Special effort should be made to ensure that recognition isn’t too heavily weighted; it may be easier for you to see what leaders and managers are doing but if other employees feel ignored they’ll be less inclined to support those leaders and managers.

Related to the above, don’t limit your recognition to just meeting targets. Consider praising teamwork, mentorship, or ‘going the extra mile.’ Be sure to celebrate milestones like birthdays or work anniversaries; don’t let someone’s fifth or tenth anniversary at your organisation go unnoticed!

4. Remember: Belonging Is For Everyone

When we say belonging is for everyone, we mean everyone. In the past, efforts at belonging have focused too much on elevating specific groups. And the work of doing that has too often been placed squarely on the shoulders of those groups. As a result, the experience has sometimes been isolating rather than integrating.

Belonging should not necessarily be seen as another DE&I initiative. For belonging to work, you need everyone on board. You need everyone to feel and believe that the organisation’s mission and goals are relevant and important to them. Everyone needs to feel heard. Which means that each member of an organisation should be welcoming and feel welcomed. And the organisation should do its best to consider the challenges to belonging that all employees face.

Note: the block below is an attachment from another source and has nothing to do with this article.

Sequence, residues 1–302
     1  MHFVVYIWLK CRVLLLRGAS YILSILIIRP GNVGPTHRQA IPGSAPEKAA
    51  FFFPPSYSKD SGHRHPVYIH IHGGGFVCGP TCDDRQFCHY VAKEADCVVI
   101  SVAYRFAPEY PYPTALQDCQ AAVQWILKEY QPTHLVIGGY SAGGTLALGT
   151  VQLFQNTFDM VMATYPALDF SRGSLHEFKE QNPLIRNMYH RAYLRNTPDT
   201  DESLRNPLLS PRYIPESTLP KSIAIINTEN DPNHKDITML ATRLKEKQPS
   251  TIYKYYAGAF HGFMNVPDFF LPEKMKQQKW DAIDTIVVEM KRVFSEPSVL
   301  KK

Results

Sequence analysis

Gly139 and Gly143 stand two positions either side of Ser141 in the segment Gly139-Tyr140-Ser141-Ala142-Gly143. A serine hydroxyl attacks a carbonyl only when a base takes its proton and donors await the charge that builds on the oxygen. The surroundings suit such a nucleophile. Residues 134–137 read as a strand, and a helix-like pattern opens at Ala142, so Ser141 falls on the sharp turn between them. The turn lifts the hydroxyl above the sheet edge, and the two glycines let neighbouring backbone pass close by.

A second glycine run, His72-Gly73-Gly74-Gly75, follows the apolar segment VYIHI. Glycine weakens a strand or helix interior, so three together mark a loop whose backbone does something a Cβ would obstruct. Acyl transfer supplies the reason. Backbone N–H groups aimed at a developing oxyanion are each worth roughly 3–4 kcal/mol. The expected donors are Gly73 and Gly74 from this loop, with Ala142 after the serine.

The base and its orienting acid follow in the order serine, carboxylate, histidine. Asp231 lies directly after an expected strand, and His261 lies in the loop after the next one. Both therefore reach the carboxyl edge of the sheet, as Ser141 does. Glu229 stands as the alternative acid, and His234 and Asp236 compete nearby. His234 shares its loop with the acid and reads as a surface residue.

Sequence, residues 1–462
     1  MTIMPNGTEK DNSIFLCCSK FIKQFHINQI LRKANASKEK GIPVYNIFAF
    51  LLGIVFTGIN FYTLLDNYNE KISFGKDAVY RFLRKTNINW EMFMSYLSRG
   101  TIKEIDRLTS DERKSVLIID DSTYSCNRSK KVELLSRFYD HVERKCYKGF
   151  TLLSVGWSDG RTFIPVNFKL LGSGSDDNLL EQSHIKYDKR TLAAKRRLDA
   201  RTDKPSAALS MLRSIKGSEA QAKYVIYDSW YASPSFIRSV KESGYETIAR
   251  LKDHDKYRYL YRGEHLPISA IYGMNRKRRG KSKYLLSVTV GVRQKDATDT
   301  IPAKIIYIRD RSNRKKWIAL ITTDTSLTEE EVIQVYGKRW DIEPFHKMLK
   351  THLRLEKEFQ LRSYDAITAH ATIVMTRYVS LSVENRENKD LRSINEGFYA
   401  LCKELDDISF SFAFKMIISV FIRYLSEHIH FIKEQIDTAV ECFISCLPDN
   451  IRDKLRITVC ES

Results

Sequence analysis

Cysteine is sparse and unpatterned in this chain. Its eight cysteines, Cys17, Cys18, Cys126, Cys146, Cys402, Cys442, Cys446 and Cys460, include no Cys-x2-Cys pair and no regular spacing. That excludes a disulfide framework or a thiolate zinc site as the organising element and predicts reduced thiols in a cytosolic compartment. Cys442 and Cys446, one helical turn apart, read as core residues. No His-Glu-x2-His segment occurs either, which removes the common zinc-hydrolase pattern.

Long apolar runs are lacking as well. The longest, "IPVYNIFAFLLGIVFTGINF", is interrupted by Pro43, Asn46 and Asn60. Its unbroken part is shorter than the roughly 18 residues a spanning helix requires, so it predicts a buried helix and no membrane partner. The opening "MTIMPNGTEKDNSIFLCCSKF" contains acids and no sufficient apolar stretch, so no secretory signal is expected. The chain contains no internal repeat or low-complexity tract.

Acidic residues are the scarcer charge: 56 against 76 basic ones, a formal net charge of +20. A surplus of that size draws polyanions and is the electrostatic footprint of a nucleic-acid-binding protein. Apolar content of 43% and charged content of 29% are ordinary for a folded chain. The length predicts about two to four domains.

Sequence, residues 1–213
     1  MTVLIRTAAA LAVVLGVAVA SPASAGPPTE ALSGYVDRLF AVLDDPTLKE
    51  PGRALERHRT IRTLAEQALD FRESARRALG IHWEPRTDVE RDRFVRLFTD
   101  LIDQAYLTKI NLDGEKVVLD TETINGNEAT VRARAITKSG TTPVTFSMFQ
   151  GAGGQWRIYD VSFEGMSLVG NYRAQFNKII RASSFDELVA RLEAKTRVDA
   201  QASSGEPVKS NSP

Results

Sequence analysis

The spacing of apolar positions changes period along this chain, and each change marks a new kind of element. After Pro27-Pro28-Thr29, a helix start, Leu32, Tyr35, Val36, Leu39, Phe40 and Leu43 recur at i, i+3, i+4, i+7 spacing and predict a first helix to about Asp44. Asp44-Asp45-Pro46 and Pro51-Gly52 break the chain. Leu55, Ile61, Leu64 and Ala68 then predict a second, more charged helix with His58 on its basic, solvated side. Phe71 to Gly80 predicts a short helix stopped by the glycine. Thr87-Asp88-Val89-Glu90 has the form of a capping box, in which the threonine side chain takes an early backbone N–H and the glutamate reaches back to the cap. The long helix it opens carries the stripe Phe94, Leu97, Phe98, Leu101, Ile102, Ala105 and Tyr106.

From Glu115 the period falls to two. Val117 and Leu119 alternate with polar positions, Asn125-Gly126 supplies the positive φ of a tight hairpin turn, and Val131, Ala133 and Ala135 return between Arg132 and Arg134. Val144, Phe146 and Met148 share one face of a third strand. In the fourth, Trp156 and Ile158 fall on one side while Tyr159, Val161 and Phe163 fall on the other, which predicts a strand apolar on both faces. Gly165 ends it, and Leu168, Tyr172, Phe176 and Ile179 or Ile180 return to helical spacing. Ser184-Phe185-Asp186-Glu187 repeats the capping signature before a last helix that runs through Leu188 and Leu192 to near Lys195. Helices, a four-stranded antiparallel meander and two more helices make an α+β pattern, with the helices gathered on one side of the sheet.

5. Share Your Values

At Talking Talent we’re fond of the old phrase: “Talk the talk and walk the walk.” It’s OK to emphasise the first part of that statement from time to time. In other words, if you’re genuinely putting in the effort to build belonging, don’t be afraid to let everyone know. Building an authentic brand of commitment to belonging will attract top talent that is like-minded and keen to play an active part.

One way to build such a brand is by sharing stories of your DE&I initiatives (via employee stories, testimonials, case studies, etc), and by actively seeking employees who can and want to play a part in those initiatives.

We’ve only just begun…

The above five strategies are not the be-all-end-all of belonging. As stated above, it’s a long and difficult – but ultimately worthwhile – process.

Remember: the benefits of fostering a sense of belonging in the workplace are numerous and include: increased employee engagement; enhanced productivity and innovation; reduced absenteeism and turnover; and improved ability to attract top talent.

Lucinda Quigley
Lucinda Quigley
Head of Client Solutions EMEA, and Executive Coach at Talking Talent | + posts

Having spent 15 years working in publishing gaining commercial and managerial experience Lucinda started her coaching career by running her own business before joining Talking Talent​ in 2019.​ Lucinda has developed and delivered inclusive leadership programmes for clients such as Blackrock, Morgan Stanley and NatWest, supporting diverse talent to thrive within the workplace.​ Talking Talent is a global business well known for providing award-winning DE&I programmes and coaching within world-renowned organisations.